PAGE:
Sen. Dave Hansen, D-Green Bay, has been a regular GOP target but raised just $30 over the first half of 2019, compared to $10,315 for the same period four years earlier. Still, the $41,756 he had in the bank is similar to the $40,469 he had in mid-2015, and an aide told last week the longtime lawmaker planned to talk with his family before making a final decision on a run in 2020. He had looked at doing a fundraiser this spring but decided against doing one with the state Supreme Court race and other campaigns.

Sen. Mark Miller, D-Monona, raised $60 in the first six months of the year and had $4,621 in the bank. That’s in line with four years ago, when he raised $62, though he had $17,990 in the bank then. Miller, 76, was unopposed in seeking re-election three years ago. He didn’t respond to calls this week.

And state Sen. Fred Risser, the longest-serving state lawmaker in the nation’s history, reported raising zero dollars in the first half of 2019 with $3,161 in the bank. That’s not unusual for Risser, who reported $15 in donations over the first half of 2015 and was unopposed for re-election last time.

The Madison Democrat, 92, said it was premature to decide so early in the session about next fall’s elections. Risser, who first won a seat in the Assembly in 1956, joined the Senate after winning a 1962 special election.

“I’m working hard on the current session,” he said, pointing out he wouldn’t have to notify the state until this spring if he decides against running.

Vos leads Assembly fundraising

Speaker Robin Vos, R-Rochester, led fundraising in the state Assembly over the first six months of 2019, pulling in $29,280.

That helped push his cash on hand to $308,702, second in the Legislature only to Fitzgerald’s $458,325.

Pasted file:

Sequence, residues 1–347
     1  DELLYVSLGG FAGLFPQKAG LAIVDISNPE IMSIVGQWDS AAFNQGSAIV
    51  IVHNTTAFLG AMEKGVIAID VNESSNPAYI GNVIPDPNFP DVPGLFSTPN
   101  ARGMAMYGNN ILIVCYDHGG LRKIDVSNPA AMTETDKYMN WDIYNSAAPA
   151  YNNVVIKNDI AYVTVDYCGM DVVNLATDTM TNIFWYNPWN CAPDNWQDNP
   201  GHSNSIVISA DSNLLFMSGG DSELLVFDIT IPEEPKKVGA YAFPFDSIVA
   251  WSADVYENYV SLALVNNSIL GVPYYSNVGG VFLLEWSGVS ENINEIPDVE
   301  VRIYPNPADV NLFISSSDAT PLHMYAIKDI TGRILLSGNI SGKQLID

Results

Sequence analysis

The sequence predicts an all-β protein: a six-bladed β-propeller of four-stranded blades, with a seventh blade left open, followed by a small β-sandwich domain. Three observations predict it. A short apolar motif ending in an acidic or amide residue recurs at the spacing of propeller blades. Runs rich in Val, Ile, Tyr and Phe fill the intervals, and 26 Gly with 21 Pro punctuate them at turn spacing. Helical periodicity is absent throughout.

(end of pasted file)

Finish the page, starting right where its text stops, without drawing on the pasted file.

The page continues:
Freshman GOP Rep. Tony Kurtz, R-Wonewoc, was No. 2 in the Assembly for most raised at $27,954.

He only pulled in $600 of that from committees, though he benefited from $8,897 in conduit contributions.

JFC Co-chair John Nygren, R-Marinette, was next at $26,127 raised in the period, while Speaker Pro Tempore Tyler August, R-Lake Geneva, followed at $23,285 and Rep. Rob Swearingen, R-Rhinelander, rounded out the top five at $11,815.

Freshman Democratic Rep. Robyn Vining, of Wauwatosa, was her party’s top fundraiser at $8,892, coming in No. 12 overall in the chamber. Expected to be a top GOP target this fall, she had $15,908 in the bank to end June.

The Capitol Report is written by editorial staff at, a nonpartisan, Madison-based news service that specializes in coverage of government and politics, and is distributed for publication by members of the Wisconsin Newspaper Association.

Copyright ©

(0) comments

Welcome to the discussion.

Keep it Clean. Please avoid obscene, vulgar, lewd, racist or sexually-oriented language.
Don't Threaten. Threats of harming another person will not be tolerated.
Be Truthful. Don't knowingly lie about anyone or anything.
Be Nice. No racism, sexism or any sort of -ism that is degrading to another person.
Be Proactive. Use the 'Report' link on each comment to let us know of abusive posts.
Share with Us. We'd love to hear eyewitness accounts, the history behind an article.